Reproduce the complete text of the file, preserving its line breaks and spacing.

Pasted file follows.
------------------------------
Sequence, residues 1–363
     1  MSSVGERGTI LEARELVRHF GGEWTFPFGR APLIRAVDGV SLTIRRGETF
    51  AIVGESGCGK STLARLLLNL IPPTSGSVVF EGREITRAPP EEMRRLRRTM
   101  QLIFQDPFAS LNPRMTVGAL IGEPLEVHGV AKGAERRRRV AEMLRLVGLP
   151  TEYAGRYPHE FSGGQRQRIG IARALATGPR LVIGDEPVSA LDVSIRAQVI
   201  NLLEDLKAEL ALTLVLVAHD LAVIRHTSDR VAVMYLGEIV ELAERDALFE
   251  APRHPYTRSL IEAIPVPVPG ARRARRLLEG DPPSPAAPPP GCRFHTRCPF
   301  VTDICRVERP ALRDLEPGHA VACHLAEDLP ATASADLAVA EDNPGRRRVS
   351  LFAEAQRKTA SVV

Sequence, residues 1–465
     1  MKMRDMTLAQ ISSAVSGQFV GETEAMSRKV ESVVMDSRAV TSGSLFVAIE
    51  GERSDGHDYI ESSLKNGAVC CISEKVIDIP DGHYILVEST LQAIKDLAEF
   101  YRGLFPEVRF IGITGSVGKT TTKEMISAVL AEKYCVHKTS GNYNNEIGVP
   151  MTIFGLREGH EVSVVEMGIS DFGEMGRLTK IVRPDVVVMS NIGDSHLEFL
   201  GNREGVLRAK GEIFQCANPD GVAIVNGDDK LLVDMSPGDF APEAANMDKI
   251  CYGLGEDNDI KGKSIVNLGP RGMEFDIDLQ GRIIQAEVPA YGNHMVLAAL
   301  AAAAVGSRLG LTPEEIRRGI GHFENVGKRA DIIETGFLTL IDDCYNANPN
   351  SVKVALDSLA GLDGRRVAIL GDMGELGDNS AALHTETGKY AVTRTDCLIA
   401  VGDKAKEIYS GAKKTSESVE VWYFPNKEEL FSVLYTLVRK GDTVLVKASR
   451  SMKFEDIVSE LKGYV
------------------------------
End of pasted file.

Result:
Sequence, residues 1–363
     1  MSSVGERGTI LEARELVRHF GGEWTFPFGR APLIRAVDGV SLTIRRGETF
    51  AIVGESGCGK STLARLLLNL IPPTSGSVVF EGREITRAPP EEMRRLRRTM
   101  QLIFQDPFAS LNPRMTVGAL IGEPLEVHGV AKGAERRRRV AEMLRLVGLP
   151  TEYAGRYPHE FSGGQRQRIG IARALATGPR LVIGDEPVSA LDVSIRAQVI
   201  NLLEDLKAEL ALTLVLVAHD LAVIRHTSDR VAVMYLGEIV ELAERDALFE
   251  APRHPYTRSL IEAIPVPVPG ARRARRLLEG DPPSPAAPPP GCRFHTRCPF
   301  VTDICRVERP ALRDLEPGHA VACHLAEDLP ATASADLAVA EDNPGRRRVS
   351  LFAEAQRKTA SVV

Sequence, residues 1–465
     1  MKMRDMTLAQ ISSAVSGQFV GETEAMSRKV ESVVMDSRAV TSGSLFVAIE
    51  GERSDGHDYI ESSLKNGAVC CISEKVIDIP DGHYILVEST LQAIKDLAEF
   101  YRGLFPEVRF IGITGSVGKT TTKEMISAVL AEKYCVHKTS GNYNNEIGVP
   151  MTIFGLREGH EVSVVEMGIS DFGEMGRLTK IVRPDVVVMS NIGDSHLEFL
   201  GNREGVLRAK GEIFQCANPD GVAIVNGDDK LLVDMSPGDF APEAANMDKI
   251  CYGLGEDNDI KGKSIVNLGP RGMEFDIDLQ GRIIQAEVPA YGNHMVLAAL
   301  AAAAVGSRLG LTPEEIRRGI GHFENVGKRA DIIETGFLTL IDDCYNANPN
   351  SVKVALDSLA GLDGRRVAIL GDMGELGDNS AALHTETGKY AVTRTDCLIA
   401  VGDKAKEIYS GAKKTSESVE VWYFPNKEEL FSVLYTLVRK GDTVLVKASR
   451  SMKFEDIVSE LKGYV